For me it's just hard to get exercised about Asian American women partnering with non-Asian American men. The battle to legalize interracial relationships and marriages was long and hard; people literally died for it. It's one of the most durable victories we've ever had. And we can't allow the normalization of interracial relationships to be eroded. Besides, the basic claim of offense just doesn't add up to me. Yes, many Asian American women are out-partnering; but why would this prevent Asian American men from getting girlfriends? White men partnering with Asian women means fewer white men to partner white women, black women, Hispanic women, Native American women.... And if the response is that the Asian American men who are complaining don't want to date outside of their race, well, I don't have any sympathy. That's gross and small-minded. Finally, what are Asian American women supposed to do? Date someone out of a sense of cultural or political obligation? Sounds like a recipe for unhappiness for both partners.
There are also some ugly sentiments related to affirmative action. Generally I find these forums are pretty good about racial issues overall - many of their members will discuss the plight of Black Americans eloquently. But sometimes the affirmative action discussion will devolve into claims that Asians are the really oppressed ones, that people who receive affirmative action are coddled, and so on. Again: the treatment of Asian applicants under affirmative action is quite complex and I don't doubt that there's abundant problems there. But that's just more reason to speak carefully and avoid falling into unfocused complaints.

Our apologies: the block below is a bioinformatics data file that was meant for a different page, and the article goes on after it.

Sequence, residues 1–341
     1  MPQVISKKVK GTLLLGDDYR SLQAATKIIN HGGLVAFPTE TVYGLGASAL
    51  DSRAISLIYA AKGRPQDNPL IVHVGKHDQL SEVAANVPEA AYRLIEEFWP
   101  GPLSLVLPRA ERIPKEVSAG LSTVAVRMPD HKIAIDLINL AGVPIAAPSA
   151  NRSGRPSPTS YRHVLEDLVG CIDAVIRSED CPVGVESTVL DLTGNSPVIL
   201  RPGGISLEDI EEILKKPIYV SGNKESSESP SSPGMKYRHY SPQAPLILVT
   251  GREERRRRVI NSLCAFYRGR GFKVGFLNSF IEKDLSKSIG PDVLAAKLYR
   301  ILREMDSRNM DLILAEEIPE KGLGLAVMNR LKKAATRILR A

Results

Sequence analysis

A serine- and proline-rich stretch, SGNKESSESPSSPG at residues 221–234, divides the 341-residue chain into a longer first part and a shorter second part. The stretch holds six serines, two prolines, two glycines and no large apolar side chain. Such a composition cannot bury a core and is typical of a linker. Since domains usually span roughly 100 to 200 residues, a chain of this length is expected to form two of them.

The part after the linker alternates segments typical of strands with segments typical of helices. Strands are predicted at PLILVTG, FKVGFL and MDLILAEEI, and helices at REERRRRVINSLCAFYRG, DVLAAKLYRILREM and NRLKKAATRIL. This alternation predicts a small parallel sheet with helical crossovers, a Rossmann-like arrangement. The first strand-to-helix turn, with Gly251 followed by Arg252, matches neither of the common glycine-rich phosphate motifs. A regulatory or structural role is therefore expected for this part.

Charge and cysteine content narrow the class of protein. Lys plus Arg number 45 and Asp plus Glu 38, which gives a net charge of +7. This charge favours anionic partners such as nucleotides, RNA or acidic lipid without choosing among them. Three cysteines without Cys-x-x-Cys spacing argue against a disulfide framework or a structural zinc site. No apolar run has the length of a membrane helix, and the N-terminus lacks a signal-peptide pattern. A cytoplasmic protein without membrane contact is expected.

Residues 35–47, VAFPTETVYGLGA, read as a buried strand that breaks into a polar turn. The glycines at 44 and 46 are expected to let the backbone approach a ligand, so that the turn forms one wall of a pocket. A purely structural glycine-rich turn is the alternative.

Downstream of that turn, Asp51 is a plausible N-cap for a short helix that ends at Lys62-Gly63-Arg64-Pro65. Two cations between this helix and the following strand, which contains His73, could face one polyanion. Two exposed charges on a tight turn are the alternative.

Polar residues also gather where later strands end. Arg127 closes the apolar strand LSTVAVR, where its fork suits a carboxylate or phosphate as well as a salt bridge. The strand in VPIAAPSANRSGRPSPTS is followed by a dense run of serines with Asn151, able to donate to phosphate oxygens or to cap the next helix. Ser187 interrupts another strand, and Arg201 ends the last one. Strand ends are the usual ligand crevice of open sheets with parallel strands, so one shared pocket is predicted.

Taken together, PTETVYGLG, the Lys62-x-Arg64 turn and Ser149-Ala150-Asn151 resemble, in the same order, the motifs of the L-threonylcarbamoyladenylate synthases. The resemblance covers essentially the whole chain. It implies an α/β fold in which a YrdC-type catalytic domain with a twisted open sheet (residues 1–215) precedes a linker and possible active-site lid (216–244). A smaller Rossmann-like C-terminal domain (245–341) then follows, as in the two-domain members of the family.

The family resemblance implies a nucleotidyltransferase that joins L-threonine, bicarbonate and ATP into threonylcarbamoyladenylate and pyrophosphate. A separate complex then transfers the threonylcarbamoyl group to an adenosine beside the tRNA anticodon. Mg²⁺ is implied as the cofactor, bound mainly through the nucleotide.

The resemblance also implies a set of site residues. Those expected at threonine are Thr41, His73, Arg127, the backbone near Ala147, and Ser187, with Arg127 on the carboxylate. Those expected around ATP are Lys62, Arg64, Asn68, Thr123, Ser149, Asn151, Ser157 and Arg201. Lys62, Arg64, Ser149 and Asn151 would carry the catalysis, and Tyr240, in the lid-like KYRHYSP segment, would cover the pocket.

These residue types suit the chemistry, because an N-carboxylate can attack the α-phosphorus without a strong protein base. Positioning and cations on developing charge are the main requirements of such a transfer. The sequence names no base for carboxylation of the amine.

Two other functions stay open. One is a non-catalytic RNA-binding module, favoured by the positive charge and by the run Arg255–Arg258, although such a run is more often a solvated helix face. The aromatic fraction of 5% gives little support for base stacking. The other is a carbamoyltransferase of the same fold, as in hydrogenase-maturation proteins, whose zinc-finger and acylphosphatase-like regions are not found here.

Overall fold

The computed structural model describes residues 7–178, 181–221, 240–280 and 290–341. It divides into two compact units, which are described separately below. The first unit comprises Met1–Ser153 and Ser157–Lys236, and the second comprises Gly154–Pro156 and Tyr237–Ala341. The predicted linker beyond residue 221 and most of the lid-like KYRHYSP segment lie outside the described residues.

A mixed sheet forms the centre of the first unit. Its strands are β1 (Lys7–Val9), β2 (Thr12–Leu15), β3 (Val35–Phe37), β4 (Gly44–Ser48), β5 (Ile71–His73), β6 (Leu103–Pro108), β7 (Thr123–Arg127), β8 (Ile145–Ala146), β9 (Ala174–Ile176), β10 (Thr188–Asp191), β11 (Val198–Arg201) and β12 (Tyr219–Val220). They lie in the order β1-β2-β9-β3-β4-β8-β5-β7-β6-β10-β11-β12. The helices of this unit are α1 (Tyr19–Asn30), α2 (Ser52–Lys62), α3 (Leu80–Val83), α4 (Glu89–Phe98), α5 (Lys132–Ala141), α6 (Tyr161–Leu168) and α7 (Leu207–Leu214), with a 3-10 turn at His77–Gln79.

Anyway, if the point isn't clear: a sense of grievance can go badly wrong even when it is stemming from legitimate grievances. Sometimes hurt can be ennobling and prompt us to be wiser and stronger people. Usually hurt makes us worse. We withdraw into our pain. We lose the capacity to see our own capacity to do harm. We see a world of threats and seek to destroy them before they can hurt us. Understandable. But when these dynamics become essential parts of political culture, the dangers are vast.
"Those who have been harmed can harm as well" is not an original sentiment. And were this all confined to a few weird internet communities I wouldn't write so many words. The problem is that in contemporary progressive politics grievance is everything. I know that this sounds like a common conservative talking point, but I can't look at the landscape without observing that the basic political statement today, the one that precedes all others, is "this is how I've been harmed." Conservatives go wrong in seeing all of these claims as illegitimate; those claims are inconvenient to their basic project, empowering the powerful and enriching the rich. But liberals and leftists today go wrong in thinking that all claims to grievance have equal legitimacy, or maybe more accurately, that they have to take all claims of grievance seriously or risk being cancelled. And that's destructive. Because expressing hurt does not prevent you from being a monster, and it really doesn't mean that what you're doing is politically constructive.
I could see a world where people (the kind of people who constantly say that the personal is political) make the connection between their legitimate feelings of grievance, the way those claims so often result in socially destructive behavior, and the casual toxicity of woke politics. Of course, merely to use the word grievance in connection with social justice politics is a "dog whistle" and anyone talking about this would be thrown out of a window. So I'm not optimistic.